In a gift shop at the Palermo airport, they sell a bag of fusilli that looks like fusilli. The package makes the standard promises of pasta purity. The wheat: organic durum semolina. The water: calcium-free. All of it smooshed through a bronze die and slow-dried between 45 and 50 degrees Celsius for exactly 42 hours. But then there’s a word that catches your attention, because this is Sicily and because it’s not something you expect to see advertised on the side of a bag of earnest fusilli: mafia.
This is the handiwork of Libera Terra (“Freed Lands”), a consortium of agronomists, activists, organic farmers, and producers in the south of Italy who make and distribute food grown on land the government has seized from the Mafia.
In 1996, Italy passed landmark law 109/96 allowing for the confiscation of assets owned by the Mafia. Land, often abandoned for years or poorly farmed, could be turned over to organizations like Libera Terra for socially constructive uses. Don Luigi Ciotti, the crusading anti-Mafia priest who founded Libera, has called it “a pasta that has the flavor of freedom…that comes to the tables of Italians to awaken consciences.” So, yes, this is fusilli, local and organic and all those nice things. But it’s also the tool of a movement against intimidation, an artisanally extruded counterpunch against corruption, a noodle in the eye of organized crime.
San Giuseppe Jato, where the cooperative is headquartered, is a sleepy, sunburnt little town set among pretty rolling hills and sloped vineyards, 20 miles southwest of Palermo.
“In this village there is a very strong presence of Mafia,” says Pietro D’Aleo, Libera Terra’s soft-spoken marketing manager. Road signs point to Corleone, the mafioso town once nicknamed “The Tombstone” that gave its name to the fictional crime family in Mario Puzo’s The Godfather. A nearby estate that belonged to the judge-killing Giovanni Brusca (known alternatively as “Il Porco” and “The People-Slayer”) is now in the possession of Libera. They bottle organic wine from rehabilitated vines and operate the villa as an agriturismo.
“We are strong now and supported by local communities because we are accomplishing our mission,” D’Aleo says. “We are stimulating the economy here and putting people to work.” From the office’s small terrace, he can see a couple of hillside plots worked by Libera Terra teams. He says they’ve had little trouble with the Mafia trying to take back control. In the beginning, military police were dispatched to protect farmers, but there hasn’t been a major incident in some time. “Sometimes a vehicle is stolen or there are some fires,” D’Aleo says, coolly. “But we never really know if it’s a way to attack us or just a theft. We don’t know if the fires are set on purpose or accidents.”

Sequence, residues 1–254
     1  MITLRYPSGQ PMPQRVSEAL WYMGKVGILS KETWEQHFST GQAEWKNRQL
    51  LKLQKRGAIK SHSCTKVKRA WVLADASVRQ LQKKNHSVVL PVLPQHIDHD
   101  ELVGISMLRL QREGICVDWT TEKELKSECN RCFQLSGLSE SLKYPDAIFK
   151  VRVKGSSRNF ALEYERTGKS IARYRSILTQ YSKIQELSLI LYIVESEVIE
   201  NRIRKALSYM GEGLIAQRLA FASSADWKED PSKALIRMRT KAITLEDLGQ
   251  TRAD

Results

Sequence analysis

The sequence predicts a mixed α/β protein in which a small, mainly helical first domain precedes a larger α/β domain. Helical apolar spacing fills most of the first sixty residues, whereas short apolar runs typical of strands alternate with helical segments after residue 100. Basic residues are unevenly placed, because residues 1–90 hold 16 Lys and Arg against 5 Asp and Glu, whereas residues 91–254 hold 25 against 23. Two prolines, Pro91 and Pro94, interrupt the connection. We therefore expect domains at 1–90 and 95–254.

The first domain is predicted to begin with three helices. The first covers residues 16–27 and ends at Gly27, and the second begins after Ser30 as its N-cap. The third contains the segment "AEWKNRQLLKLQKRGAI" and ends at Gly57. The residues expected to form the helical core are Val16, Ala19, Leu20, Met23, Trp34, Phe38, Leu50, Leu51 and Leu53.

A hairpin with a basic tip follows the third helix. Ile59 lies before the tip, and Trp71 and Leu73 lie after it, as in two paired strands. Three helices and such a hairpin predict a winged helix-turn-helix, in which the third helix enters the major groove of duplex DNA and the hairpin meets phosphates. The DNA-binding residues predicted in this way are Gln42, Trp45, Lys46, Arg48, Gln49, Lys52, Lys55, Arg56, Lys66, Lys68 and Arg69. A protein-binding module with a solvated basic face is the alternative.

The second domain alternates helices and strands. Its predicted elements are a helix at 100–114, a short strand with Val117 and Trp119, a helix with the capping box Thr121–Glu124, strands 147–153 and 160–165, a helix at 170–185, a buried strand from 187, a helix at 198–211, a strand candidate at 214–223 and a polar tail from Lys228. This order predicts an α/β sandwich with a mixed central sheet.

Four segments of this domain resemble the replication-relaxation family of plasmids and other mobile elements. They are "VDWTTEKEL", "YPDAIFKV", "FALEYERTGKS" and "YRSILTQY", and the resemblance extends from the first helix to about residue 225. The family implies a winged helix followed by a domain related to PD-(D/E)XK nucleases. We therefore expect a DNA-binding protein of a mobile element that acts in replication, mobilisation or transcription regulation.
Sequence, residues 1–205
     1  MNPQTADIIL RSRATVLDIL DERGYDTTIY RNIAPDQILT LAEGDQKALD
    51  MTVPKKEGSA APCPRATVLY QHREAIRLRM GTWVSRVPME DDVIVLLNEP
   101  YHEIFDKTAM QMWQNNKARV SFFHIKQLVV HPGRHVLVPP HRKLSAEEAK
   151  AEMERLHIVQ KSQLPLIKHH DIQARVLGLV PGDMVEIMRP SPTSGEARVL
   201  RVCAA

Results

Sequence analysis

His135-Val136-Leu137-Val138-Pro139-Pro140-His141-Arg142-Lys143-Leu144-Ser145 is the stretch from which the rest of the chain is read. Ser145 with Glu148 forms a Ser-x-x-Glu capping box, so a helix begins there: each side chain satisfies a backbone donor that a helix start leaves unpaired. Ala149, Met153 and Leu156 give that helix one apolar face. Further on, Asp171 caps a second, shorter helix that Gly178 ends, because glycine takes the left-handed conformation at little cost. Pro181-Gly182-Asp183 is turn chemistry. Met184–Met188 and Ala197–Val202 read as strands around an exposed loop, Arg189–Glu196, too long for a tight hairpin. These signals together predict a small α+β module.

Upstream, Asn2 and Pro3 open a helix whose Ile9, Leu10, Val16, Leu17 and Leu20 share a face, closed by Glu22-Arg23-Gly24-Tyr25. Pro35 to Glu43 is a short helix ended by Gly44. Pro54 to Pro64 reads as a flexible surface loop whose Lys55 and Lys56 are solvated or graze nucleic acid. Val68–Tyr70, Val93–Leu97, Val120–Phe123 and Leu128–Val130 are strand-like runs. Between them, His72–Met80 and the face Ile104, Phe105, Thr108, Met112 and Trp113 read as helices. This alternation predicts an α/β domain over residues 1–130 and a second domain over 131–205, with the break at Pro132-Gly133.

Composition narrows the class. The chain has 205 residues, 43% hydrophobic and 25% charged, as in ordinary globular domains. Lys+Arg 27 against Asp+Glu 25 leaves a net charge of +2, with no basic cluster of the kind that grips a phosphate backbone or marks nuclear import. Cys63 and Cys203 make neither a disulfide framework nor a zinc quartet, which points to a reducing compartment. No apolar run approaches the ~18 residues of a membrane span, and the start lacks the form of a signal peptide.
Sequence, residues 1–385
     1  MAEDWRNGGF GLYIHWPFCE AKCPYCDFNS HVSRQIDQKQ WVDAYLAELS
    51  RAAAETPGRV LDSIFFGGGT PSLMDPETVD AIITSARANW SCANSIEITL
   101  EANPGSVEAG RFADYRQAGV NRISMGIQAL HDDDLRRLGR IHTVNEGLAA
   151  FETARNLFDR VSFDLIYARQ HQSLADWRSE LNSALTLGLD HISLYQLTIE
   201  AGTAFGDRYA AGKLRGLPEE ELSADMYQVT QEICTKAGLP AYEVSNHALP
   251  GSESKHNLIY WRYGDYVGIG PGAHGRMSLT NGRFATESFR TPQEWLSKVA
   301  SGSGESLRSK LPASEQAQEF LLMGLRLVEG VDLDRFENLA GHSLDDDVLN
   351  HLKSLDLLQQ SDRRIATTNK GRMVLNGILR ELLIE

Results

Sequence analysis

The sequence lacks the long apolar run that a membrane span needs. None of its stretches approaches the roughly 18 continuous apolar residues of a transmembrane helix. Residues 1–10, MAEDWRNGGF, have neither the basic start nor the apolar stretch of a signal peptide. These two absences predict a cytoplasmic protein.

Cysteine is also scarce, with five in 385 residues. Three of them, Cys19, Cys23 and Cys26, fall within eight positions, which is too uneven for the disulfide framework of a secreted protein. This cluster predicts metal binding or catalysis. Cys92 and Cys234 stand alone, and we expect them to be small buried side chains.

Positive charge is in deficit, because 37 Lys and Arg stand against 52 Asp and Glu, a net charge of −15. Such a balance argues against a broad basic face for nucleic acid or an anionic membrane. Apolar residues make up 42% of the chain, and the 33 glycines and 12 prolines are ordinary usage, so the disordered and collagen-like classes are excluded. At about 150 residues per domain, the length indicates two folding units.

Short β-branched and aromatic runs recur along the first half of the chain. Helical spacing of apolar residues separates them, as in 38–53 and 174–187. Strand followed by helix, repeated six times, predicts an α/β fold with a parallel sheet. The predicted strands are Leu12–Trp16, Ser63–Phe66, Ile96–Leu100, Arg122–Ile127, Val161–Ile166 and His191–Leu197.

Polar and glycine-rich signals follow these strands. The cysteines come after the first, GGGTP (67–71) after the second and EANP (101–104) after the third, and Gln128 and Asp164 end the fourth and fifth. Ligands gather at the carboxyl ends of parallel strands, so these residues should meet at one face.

D’Aleo and his colleagues are politely reluctant to have their pictures taken, but this seems to come more from a philosophy of communal responsibility than a fear of retribution. “The door is always open,” he says. “We are not heroes. The daily work is more or less that of a private company. The main difference is there is no profit at the end, but everyone here knows that we have a noble objective. An important share of our consumers buy our products because they know this is a way to support an idea, to support legality.”
But, he says, the goal is to establish a brand that’s more than just a “good deed” buy. “We want to convince people to buy from us not just because our products come from land confiscated from Mafia but because above all they are good products at a fair price.” He talks about the production facility where Libera Terra–harvested wheat will be sent to become fusilli, paccheri, and a dozen other shapes—a solar-powered eco-friendly new pasta factory, with a school for the workers’ kids and a pasta museum in the works. Better pasta, as they see it, can improve the lives of farmers, factory workers, and consumers alike. Resistance is a dish best served al dente.